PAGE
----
- In a new report, the NGOs call upon the EU to take urgent action to reform both the Waste Shipment Regulation and the Ship Recycling Regulation to ensure they are legally consistent with the international Basel Convention.
- They note with concern that proposals have been made for the EU to enter into a special bilateral agreement with certain shipbreaking states as a supposed legitimate means to circumvent the Basel Convention’s Ban Amendment.
- Bolstered by a new analysis by the Center for International Environmental Law (CIEL), the report explains why that is not acceptable both from a legal standpoint and as a matter of policy.
Five leading environmental organizations issued a report expressing their concerns over EU’s intent to allow the exportation of end-of-life vessels to South Asia, reads a press release from NGO Shipbuilding Platform.
Violation of International Treaty
In particular, the report suggests that the EU could violate its own laws and international treaty agreements if it decides to allow the exportation of end-of-life vessels to South Asia.
Namely, the Basel Action Network (BAN), the European Environmental Bureau (EEB), Greenpeace, and the NGO Shipbreaking Platform, warn that the European Union’s legislation allowing the export of toxic ships to developing countries, violates Member States’ obligations under the Basel Convention and is in contradiction with the EU’s new strategic economic and environmental policy initiatives.
- The Basel Ban Amendment prohibits developed nations from sending hazardous waste, including defunct ships – to developing nations.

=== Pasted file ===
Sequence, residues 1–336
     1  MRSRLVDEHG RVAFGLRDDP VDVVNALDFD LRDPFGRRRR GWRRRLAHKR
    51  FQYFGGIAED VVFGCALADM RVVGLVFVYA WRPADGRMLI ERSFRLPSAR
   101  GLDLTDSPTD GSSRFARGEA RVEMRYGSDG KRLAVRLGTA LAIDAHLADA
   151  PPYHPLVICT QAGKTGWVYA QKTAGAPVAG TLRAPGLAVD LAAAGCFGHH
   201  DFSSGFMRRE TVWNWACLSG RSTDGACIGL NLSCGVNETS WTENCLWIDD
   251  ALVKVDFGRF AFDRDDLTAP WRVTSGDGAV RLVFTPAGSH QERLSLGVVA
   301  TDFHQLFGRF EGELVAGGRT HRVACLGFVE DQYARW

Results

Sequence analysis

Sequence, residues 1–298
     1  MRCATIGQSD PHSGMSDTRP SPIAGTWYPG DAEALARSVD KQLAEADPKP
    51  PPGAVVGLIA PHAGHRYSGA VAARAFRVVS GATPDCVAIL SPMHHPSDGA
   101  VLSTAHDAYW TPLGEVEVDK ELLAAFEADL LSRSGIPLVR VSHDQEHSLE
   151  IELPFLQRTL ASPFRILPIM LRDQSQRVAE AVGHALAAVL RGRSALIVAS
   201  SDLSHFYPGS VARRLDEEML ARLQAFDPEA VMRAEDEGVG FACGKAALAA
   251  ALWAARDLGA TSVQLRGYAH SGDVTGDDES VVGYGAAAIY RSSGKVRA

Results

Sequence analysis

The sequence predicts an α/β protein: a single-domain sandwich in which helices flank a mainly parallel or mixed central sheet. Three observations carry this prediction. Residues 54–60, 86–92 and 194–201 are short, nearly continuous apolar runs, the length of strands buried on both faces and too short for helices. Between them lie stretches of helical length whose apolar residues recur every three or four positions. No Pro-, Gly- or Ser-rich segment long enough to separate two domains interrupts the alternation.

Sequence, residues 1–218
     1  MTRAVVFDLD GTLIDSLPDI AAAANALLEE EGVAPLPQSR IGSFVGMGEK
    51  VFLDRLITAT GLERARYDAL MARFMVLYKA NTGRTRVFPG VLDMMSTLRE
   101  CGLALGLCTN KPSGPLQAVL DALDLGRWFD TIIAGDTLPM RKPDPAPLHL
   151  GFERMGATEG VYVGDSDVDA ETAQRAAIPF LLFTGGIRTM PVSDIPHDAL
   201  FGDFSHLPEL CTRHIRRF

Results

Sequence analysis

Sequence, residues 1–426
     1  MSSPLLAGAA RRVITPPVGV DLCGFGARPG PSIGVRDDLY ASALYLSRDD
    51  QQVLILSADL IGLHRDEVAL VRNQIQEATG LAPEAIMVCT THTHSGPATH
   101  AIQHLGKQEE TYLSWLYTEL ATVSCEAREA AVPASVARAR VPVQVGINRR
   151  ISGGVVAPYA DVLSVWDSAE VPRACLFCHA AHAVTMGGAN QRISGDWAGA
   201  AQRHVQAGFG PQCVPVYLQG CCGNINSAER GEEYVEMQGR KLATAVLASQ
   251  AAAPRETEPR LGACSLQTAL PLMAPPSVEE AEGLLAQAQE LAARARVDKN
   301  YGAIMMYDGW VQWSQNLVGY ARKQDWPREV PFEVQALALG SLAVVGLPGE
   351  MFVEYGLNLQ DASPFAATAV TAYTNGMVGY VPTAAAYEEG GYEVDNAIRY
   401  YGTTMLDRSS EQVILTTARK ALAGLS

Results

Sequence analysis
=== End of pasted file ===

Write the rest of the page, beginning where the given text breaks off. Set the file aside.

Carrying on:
- This outright ban entered into effect in December 2019, and its application is limited to certain Basel Ban signatory nations, including EU member states.
“By allowing the breaking of European vessels in the Global South, Europe is not only exporting hazardous waste and threatening people’s health in developing countries, but also contradicting its own ambition to boost the domestic supply of secondary raw materials – as set out in its circular economy action plan,” Stéphane Arditi – Circular Economy Policy Manager – European Environmental Bureau (EEB), noted.
Zero-emissions steel initiatives
In light of the situation, NGOs call on the EU to seize the opportunity to boost safe and clean ship recycling in Europe, as well as to promote the design and building of toxic-free vessels and to push for ‘zero-emissions steel’ initiatives.
“The EU can’t have it both ways. They cannot project that they promote a new way of thinking with the European Green Deal and prevent exports of hazardous wastes to developing countries, while seeking to bend their existing legal obligations to enable the shipping industry to do just that,” said Ingvild Jenssen, the executive director and founder of NGO Shipbreaking Platform.
In particular, the NGO Shipbreaking Platform warned that authorizing the use of South Asian shipbreakers would undermine the EU’s aspirations for a European Green Deal, as well as its commitment to the rule of law.
Compliant ship recycling
Overall, industry insiders have produced a number of responses to these news. Many of them are highlighting that regulation associated with ship recycling has been so far more complicated rather than effective.
For example, IHM and Ship Recycling services expert, Henning Gramann expressed his concern over these recent developments, commenting on Linkedin the following, “I really wonder what happened. First the EU-Ship Recycling Regulation (EU-SRR) was promoted by these NGOs and Hong Kong Convention has never been good enough for them. Now, 7 years later even EU-SRR is heavily critiziced.”
He concluded, “Do they want to keep ship recycling unregulated entirely, or create a monopoly and all ships should be recycled in Europe? Do they fear that EU will find a solution to authorize compliant ship recycling yards even though they are located in non-OECD countries despite Basel Ban Amendment? Or are they simply looking for funding when the world tries to deal with a serious pandemic?”
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Source: NGO Ship Breaking Platform